New labour law fails to address discrepanciesBahrain’s newly promulgated Labour Law has failed to address inherent discrepancies and the private sector yet to see the practicality and ramifications of the certain provisions, experts on Monday said.
“The new labour which has been enforced on September 3, 2012 tackled most of the issues but the law remains silent on many uncertainties and inefficiencies,” Hatem Zu’bi, Partner at Zu’bi & Partners, Attorneys and Legal Consultants said.
The new Bahrain Labour Law of 2012 has introduced several changes from its predecessor in many different areas such as women’s rights, overtime pay, holiday entitlements, sick leave, end of service indemnity and compensation calculations, to name but a few.
Hatem reviewed the changes as well as their overall impact on financial institutions going forward.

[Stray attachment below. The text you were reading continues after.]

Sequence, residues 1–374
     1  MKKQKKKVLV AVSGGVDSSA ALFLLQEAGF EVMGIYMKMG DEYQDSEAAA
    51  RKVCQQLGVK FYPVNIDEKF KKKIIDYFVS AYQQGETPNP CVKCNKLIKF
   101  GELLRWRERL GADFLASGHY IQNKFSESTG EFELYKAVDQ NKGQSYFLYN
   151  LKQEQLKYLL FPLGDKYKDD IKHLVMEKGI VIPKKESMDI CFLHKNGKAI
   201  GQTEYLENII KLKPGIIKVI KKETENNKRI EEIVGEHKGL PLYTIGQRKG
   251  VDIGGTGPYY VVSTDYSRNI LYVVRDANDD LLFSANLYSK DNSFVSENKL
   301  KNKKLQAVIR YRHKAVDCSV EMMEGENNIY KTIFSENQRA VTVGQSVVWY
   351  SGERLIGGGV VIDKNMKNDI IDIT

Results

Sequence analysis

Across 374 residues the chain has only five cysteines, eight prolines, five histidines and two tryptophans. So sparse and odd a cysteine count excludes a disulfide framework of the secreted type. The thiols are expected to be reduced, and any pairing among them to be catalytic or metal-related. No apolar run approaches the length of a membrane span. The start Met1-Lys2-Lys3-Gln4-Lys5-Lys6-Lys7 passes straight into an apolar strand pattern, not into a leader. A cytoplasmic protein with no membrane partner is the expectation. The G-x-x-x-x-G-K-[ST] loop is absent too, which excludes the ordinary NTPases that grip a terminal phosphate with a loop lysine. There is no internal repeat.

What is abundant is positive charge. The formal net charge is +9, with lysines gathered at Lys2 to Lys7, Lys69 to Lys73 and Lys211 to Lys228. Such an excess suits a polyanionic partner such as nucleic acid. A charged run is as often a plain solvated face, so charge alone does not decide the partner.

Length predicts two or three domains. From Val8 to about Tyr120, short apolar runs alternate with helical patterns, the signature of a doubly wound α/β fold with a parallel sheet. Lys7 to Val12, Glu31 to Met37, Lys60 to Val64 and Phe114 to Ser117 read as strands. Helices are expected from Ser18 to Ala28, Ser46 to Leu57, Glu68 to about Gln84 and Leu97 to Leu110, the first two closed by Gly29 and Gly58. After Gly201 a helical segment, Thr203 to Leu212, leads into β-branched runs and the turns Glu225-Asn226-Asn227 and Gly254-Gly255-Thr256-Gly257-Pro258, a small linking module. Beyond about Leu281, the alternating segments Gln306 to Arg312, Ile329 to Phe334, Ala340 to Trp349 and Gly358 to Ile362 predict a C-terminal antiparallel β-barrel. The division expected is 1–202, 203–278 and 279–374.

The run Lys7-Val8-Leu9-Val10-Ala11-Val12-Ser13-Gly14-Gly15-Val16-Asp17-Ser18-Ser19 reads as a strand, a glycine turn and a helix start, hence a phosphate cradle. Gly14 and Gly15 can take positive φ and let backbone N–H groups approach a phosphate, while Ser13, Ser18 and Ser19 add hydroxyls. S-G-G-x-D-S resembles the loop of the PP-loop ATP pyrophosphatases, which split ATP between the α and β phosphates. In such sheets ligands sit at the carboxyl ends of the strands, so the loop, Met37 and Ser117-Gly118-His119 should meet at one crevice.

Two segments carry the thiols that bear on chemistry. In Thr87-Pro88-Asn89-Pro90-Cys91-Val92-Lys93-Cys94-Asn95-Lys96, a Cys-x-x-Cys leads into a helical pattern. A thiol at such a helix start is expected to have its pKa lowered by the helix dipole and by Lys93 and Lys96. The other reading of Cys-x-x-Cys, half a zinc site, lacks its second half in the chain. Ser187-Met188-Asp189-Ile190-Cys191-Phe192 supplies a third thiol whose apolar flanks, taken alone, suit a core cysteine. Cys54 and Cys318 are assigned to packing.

Organised by the Bahrain Association of Banks (BAB) and titled the New Bahrain Labour Law 2012 Review held at Dana Ballroom at Ixir, Kempinski Hotel and attended by over 100 members of the BAB, private sector stakeholders, lawyers and heads of the human resources departments from major organisations.
Earlier, last month the Labour Minister Jamil Humaidan described the new private sector labour law as one of the key legislations regulating the relationship between the workers and their employers.
Highlighting the main advantages and features of the new law, he said the relationship between the employers and employees has many effects on the society. Therefore, the economic and social balance brought about by the new law will undoubtedly contribute to stability of the labour market and economic growth.
“As a matter of fact, the Kingdom of Bahrain, represented by the Labour Ministry, has been keen to upgrade this legislation being one of the key mechanisms which contribute to employing the national labour force and, consequently, solving unemployment,” the Labour Minister said, describing September 1, 2012 as a turning point in Bahrain’s labour legislation when the new labour law went into effect as per royal decree number 36 for 2012, ending 36 years of the previous law issued in decree-law 23 for 1976 and its amended provisions.
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